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Building My Own Home Router, Part 2 - 802.11 Posted on 2014-08-22

In my last post I talked about getting my home router up and forwarding packets from nothing and getting my computers connected via Ethernet. The next step is to get 802.11 (WiFi) working.

Hardware Caveats

In my last post, I mentioned that I got the Intel 7260-ac card, which I've had some problems with. Intel decided to code into the EEPROM that the card can only use channels that make it compliant with every country's laws, and the firmware and Linux driver dutifully read this information and comply. This means that the card can only work in AP mode on channels 1-11, and will NOT in the 5GHz band. This means that you're stuck to the noisy 2.4 GHz band and can't even use 802.11ac (since it requires 5GHz).

I've seen some various blog and forum posts where the OpenWRT people have gotten around this on cards with atheros chipsets since it's just a check in the driver. However, in the small amount of kernel driver hacking I've done, I've been unsuccessful.

Long story short, watch which card you pick up and make sure people have had luck making it do what you want to, preferrably without having to patch kernel drivers.

Network Changes

Since you're turning your router into a wireless access point, you have two options to connect clients to your network: split them off into their own network segment in a different subnet, or bridge the wireless interface in with your inside network and let wireless users mingle with your wired users. I chose the latter, since it was simpler.

The basic idea is that you create a bridge device (br0) and bridge in your eth1 and wlan0 interfaces. My updated config shows the changes you need to make to /etc/network/interfaces:

Note that br0 has pretty much taken the place of eth1 in the config. Also, we don't bridge in wlan0 since our access point daemon will take care of that.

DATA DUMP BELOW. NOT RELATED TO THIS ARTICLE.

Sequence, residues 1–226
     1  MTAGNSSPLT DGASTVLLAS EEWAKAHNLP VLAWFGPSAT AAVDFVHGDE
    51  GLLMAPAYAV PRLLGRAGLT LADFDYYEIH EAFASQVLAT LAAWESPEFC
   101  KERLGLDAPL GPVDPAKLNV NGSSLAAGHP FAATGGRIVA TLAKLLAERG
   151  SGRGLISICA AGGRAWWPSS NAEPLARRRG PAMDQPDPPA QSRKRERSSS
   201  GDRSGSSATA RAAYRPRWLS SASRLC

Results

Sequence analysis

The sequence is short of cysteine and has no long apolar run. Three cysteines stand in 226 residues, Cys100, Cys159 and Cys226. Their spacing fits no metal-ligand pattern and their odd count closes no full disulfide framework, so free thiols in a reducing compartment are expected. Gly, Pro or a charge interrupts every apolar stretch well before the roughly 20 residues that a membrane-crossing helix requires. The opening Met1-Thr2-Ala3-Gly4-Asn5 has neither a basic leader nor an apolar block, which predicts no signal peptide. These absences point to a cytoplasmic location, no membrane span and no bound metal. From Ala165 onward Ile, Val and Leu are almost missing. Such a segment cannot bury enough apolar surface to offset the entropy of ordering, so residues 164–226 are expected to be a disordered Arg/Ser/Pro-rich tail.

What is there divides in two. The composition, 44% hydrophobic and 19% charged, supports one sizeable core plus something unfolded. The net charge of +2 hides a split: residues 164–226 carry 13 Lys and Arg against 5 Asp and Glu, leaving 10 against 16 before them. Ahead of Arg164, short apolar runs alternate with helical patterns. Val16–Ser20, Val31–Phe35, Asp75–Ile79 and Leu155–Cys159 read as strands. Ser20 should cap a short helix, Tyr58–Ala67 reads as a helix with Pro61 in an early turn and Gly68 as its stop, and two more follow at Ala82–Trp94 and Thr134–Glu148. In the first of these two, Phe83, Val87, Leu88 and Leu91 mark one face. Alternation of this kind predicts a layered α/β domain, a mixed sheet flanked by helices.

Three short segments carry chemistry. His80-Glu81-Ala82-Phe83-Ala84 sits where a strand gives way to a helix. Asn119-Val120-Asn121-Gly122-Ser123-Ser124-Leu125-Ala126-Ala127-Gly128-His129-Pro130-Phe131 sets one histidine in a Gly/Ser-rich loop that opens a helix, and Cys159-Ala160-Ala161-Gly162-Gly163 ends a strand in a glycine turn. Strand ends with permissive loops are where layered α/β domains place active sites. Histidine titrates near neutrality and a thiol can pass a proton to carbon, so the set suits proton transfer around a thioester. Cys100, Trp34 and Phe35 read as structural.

Along with this change in /etc/network/interfaces, don't forget to also change your dnsmasq settings so that it listens on br0 instead of eth1.

Install the bridge-utils package if you haven't already and restart networking. Congrats, your router is now a one port network switch!

Firewall Changes

Since our inside interface is now br0, we have to tweak our firewall rules a bit.

HostAPd Config

Thanks to hostapd, getting your wireless card running in AP mode is a cinch! It's just a package install away in most cases, and the configuration isn't too terrible. Below is my config, annotated to make it easier to understand.

The things to watch out for are the settings that are ORs of bits, like auth_algs and wpa. When setting up your own AP, it's a good idea to check out the example config to see what each setting does and what the defaults are.

My config doesn't include any 5 GHz settings, so you'll have to figure those out on your own if you're lucky enough to have a card that supports it. If I get mine working, I'll make another post with those settings.

Once you're done with configuration, fire up hostapd with service hostpad start. If everything was successful, you should see wlan0 bridged in (use the brctl show command to check) and the network should be joinable by one of your wireless devices. If you don't see that, you'll want to check /var/log/syslog to see what hostapd is complaining about.

And there you have it, a router with wireless! Next up is IPv6 support, so stay tuned for part 3.

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